The arts in Taiwan have coexisted along parallel streams, often without mutual contact. At the highest, Government-funded arts cater to the elite avant-garde who glorify university fine art departments and national or municipal museums.
\nEvery two years in Venice, some of these Taiwanese artists meet other avant-gardists (again), exchange the latest ideas and then bring them back to their respective lands. Such contacts make the world a smaller place as images and concepts spread -- sometimes like a virus -- affecting Venice art participants and their associates at home yearning to "modernize." Their videos or installations, however, usually remain unknown to Taiwan's population at large.
\nAt the lowest end are the traditional "backwater" manifestations at temples and temple-markets that still exude strong regional flavors, tastes and images encountered nowhere else on earth.
\nIn between fall high school art classes and workshops teaching people to sketch from Western plaster busts, and the vast majority of Taiwan's modern public who are too urbanized to recognize local traditions, or too lacking in art education to be interested in experiencing "modern art."
\nIn recent years, however, there has been a healthy development in Taiwan bringing arts to people by way of artists colonies. The government has been funding imaginative reclamation projects where abandoned sugar factories in their park-like environs are transformed into open-air theaters, art galleries, warehouse-sized show-cases, conference sites and individual artists' housing complexes.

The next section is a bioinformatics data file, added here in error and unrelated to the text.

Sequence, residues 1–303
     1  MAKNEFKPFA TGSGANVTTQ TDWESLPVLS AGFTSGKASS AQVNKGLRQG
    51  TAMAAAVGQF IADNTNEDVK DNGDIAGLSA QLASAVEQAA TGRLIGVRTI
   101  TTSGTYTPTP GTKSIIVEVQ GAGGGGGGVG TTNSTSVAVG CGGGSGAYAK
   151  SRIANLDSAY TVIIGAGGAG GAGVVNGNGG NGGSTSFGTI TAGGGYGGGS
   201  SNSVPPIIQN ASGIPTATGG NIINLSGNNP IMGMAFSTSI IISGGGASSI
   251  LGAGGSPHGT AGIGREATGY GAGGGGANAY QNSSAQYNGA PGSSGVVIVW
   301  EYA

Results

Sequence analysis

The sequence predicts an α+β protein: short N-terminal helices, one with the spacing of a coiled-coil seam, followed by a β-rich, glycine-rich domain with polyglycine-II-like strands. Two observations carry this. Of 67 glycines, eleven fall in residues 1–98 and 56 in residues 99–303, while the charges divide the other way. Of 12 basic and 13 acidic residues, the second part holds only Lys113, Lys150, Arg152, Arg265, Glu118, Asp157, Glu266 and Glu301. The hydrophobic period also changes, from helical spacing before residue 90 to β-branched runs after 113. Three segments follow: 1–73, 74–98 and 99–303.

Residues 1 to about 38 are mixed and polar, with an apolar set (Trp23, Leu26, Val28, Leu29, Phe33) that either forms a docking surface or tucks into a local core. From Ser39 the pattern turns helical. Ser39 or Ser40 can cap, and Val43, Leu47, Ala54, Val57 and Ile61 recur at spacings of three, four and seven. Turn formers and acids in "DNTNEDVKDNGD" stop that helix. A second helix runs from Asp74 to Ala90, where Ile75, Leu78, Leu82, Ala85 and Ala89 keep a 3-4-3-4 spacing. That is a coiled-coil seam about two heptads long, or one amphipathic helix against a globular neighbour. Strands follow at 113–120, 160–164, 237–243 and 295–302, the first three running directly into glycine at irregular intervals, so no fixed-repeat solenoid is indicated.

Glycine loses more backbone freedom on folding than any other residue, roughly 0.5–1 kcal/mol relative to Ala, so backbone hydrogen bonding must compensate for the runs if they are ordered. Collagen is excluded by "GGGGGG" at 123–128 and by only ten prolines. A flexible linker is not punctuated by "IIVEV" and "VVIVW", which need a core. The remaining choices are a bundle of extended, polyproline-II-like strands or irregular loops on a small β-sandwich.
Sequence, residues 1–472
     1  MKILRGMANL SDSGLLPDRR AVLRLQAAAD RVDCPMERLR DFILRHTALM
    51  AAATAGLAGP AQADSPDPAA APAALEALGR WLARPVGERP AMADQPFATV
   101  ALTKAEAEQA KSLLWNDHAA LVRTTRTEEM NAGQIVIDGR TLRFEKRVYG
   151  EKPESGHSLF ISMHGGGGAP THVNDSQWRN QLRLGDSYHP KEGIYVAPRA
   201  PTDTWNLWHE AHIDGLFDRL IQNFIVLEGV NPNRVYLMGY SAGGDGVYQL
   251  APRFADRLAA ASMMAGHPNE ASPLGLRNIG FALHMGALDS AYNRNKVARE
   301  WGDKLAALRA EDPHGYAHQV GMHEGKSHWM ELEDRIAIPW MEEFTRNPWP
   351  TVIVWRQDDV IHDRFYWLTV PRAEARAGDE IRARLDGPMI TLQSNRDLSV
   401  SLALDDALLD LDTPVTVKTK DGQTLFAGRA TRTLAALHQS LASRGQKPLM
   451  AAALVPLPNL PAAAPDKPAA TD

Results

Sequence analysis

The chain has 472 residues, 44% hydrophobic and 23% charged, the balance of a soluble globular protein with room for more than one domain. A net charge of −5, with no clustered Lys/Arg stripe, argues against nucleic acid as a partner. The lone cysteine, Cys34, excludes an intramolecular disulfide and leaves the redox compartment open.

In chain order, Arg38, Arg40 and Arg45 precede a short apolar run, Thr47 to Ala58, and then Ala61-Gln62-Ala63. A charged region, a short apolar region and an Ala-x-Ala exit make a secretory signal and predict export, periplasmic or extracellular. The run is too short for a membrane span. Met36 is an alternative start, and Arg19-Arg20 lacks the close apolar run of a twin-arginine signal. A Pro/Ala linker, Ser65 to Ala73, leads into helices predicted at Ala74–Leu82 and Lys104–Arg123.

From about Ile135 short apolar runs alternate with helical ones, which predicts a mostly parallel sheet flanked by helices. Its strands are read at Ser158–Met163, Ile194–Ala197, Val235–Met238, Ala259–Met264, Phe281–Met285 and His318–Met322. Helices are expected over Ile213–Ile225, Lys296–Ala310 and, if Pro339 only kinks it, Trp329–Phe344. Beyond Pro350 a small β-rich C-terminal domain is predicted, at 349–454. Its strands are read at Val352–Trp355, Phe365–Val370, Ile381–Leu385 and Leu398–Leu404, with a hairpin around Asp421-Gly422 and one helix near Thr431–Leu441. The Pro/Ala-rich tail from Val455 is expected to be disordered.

\nIn Taiwan's southernmost Pingdong County is the little fishing village of Fangliao. Its waterways are crammed with fishing boats and nets, and its restaurants resplendent with fish and seafood freshly caught. Fangliao is celebrated for bell-shaped "Black Pearl" bell-fruit of glowing dark crimson skin, and tiny whitebait called Burahi.
\nNow we can say that Fangliao is celebrated also for its admirable Fangliao Artists' Village (
PHOTO COURTESY OF FANGLIAO ARTISTS' VILLAGE
Taiwan’s rapid economic development between the 1950s and the 1980s is often attributed to rational planning by highly-educated and impartial technocrats. Those who look at history through blue-tinted spectacles argue that, for much of the post-war period, the government was staffed by Chinese who fled China after the Chinese Nationalist Party (KMT) lost the civil war “who had no property interests in Taiwan and no connections with a landlord class,” leaving “the KMT party-state more autonomous from societal influences than governments [elsewhere in East Asia],” writes Gaye Christoffersen in Market Economics and Political Change: Comparing China and Mexico. At the same
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